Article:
PWE-055 Current smoking trends in british IBD patients in the age of E-cigarettes

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Cigarette smoking has a very detrimental effect on the course of Crohn’s disease (CD) while data on ulcerative colitis (UC) are conflicting with some studies suggesting a potential protective effect. Smoking trends have changed dramatically changed over the last decades in the United Kingdom with the introduction of a smoking ban in public buildings and the advent of e-cigarettes. We aimed to describe current smoking rates in IBD patients compared to the general population and to ascertain any effects of smoking on disease course.


Self-reported smoking status was elicited in consecutive IBD out-patients and clinical data (phenotype, demographics, treatment history, current disease status) were extracted from the electronic hospital patient record. Office of national statistics 2015 data for the general population were used as the comparator.


Of 375 patients (mean age 44.7 years; mean disease duration 10.7 years) 50% suffered from CD, 42% from UC and 8% from IBD-U. Current drug exposure included: 157 mesalazine, 109 thiopurine, 8 methotrexate, 44 infliximab, 34 adalimumab, 6 Vedolizumab and 45 patients were on steroids. Current disease activity was remission (42.4%), mild (41.1%), moderate (14.9) and severe (1.6%). Of 200 ever cigarette smokers 144 had stopped and 56 continued cigarette use, while of 30 ever e-cigarette users 14 had stopped and 16 continued. All e-cigarette users had previously smoked cigarettes and 10 had stopped smoking completely after e-cigarettes. Crohn’s disease patients were more likely to smoke cigarettes (19.9% vs 8.1%) or e-cigarettes (4.1% vs 3.4%) compared to UC/IBD-U patients (p=0.026).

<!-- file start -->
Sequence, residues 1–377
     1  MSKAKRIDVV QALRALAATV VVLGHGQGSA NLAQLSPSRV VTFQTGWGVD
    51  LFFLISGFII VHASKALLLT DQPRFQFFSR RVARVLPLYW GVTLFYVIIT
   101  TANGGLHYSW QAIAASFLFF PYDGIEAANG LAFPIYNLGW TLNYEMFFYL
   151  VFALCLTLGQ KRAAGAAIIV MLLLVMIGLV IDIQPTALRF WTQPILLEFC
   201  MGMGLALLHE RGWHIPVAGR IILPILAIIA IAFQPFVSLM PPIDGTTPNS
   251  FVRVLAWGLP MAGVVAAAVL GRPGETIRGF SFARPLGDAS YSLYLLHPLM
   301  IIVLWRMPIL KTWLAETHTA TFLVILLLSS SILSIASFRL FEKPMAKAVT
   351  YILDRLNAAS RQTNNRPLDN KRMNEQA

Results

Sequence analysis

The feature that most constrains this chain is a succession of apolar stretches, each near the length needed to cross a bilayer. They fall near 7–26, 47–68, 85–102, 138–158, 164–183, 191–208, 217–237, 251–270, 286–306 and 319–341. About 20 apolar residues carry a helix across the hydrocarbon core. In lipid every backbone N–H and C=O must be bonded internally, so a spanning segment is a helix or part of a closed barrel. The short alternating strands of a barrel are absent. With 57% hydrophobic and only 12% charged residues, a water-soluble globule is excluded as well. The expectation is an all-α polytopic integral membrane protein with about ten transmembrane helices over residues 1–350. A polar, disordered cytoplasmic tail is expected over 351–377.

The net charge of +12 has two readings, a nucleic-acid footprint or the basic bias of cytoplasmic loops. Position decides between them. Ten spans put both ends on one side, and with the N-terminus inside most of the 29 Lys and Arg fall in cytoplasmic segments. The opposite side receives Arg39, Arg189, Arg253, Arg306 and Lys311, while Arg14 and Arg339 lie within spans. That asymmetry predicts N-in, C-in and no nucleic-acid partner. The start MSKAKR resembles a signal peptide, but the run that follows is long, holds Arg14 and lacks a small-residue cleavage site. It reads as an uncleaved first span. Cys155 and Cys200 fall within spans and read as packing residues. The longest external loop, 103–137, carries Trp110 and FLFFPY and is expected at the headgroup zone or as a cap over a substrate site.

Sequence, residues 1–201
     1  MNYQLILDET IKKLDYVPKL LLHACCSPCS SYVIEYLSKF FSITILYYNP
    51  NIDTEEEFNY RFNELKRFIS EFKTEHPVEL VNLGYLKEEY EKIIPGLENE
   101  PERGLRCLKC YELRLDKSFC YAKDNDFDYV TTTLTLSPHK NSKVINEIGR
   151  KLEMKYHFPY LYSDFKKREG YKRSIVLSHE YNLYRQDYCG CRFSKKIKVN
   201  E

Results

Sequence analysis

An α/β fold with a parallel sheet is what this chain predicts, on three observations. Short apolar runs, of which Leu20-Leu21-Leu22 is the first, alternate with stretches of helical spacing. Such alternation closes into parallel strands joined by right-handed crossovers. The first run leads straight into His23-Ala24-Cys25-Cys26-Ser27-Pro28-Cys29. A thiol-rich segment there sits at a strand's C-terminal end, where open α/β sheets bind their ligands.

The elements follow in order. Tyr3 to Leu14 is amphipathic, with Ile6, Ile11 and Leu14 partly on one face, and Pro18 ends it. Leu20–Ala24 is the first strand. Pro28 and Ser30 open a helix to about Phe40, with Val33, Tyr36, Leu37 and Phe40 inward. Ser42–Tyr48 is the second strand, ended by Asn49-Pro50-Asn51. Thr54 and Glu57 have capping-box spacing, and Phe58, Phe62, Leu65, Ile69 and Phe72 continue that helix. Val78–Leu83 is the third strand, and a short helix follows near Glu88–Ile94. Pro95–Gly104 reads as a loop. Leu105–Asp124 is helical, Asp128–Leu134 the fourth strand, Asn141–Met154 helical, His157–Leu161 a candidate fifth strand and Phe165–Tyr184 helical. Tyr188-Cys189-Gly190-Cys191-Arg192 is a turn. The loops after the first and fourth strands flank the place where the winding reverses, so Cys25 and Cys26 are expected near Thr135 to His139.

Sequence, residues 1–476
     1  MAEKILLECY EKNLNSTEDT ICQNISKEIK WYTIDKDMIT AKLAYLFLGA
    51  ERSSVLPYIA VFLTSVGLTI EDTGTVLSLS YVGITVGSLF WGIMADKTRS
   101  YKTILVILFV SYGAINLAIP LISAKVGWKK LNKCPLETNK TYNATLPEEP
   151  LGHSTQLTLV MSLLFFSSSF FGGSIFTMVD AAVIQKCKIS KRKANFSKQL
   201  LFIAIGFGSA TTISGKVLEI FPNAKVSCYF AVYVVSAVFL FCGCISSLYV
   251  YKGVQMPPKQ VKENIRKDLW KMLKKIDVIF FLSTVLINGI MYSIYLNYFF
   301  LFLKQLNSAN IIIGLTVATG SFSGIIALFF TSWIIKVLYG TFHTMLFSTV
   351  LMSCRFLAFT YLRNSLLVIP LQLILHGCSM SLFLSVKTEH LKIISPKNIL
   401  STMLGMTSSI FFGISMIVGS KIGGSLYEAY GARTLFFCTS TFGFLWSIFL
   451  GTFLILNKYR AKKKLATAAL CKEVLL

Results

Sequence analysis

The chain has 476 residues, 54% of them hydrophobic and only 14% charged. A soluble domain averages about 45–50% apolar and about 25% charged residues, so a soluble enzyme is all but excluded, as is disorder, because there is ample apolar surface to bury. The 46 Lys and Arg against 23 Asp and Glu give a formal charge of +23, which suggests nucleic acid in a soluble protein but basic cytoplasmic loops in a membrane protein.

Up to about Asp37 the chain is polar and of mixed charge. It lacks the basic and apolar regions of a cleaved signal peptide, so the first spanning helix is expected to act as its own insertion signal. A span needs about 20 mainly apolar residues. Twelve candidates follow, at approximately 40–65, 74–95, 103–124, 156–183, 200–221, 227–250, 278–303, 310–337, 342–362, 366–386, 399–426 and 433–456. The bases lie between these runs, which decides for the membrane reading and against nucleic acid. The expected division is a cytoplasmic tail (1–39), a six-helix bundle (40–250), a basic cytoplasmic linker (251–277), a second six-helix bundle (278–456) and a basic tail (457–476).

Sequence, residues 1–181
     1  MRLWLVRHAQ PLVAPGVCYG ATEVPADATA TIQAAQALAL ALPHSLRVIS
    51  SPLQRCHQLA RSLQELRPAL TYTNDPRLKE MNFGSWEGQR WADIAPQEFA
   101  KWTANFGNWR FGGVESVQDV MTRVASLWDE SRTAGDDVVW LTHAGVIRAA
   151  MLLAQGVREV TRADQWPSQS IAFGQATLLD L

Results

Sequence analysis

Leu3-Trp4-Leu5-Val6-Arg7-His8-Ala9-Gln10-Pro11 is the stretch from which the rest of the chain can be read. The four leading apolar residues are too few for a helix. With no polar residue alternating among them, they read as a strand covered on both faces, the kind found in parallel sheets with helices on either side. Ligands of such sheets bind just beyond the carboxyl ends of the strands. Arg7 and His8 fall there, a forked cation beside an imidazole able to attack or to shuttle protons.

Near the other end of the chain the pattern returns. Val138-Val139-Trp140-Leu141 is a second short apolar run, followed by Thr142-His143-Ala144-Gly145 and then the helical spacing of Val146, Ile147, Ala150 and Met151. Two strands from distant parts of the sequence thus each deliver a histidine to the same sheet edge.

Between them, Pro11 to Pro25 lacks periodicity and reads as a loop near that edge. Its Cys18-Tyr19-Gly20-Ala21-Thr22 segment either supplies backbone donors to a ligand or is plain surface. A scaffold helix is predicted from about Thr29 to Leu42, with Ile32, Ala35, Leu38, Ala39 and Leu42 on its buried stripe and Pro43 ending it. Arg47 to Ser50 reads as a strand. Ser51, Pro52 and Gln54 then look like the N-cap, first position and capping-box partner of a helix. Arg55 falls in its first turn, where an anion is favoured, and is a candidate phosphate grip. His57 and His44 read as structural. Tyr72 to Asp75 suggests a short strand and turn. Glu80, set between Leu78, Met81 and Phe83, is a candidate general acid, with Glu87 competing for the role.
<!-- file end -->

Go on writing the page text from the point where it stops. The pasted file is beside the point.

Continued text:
Infliximab use was more common in cigarette smokers (13.2%) and e-cigarette users (21.4%) vs non-smokers (11.2%); p=0.016. Adalimumab use was more common in cigarette smokers (16.9%) and e-cigarette users (7.1%) vs non-smokers (7.6%); p=0.023. The need for previous surgical resection was higher in cigarette smokers (44.2%) and e-cigarette users (35.7%) vs non-smokers (26.8%); p=0.035.


Compared to the general population the proportion of current cigarette smokers (14.9% vs 17.2%) and e-cigarette users was similar in our cohort (4.26% vs 4%).


IBD patients show similar smoking behaviour as the general population with 4% using e-cigarettes. The detrimental effect of smoking remains evident in out cohort. IBD patients use e-cigarettes as replacement for cigarettes or as an intermediate step for smoking cessation with no de-novo e-cigarette use in our cohort. Some health authority propose that e-cigarettes are less harmful to health than cigarettes. There are however little data on the effect in IBD. Large scale, prospective studies examining the effects of e-cigarette use are required.

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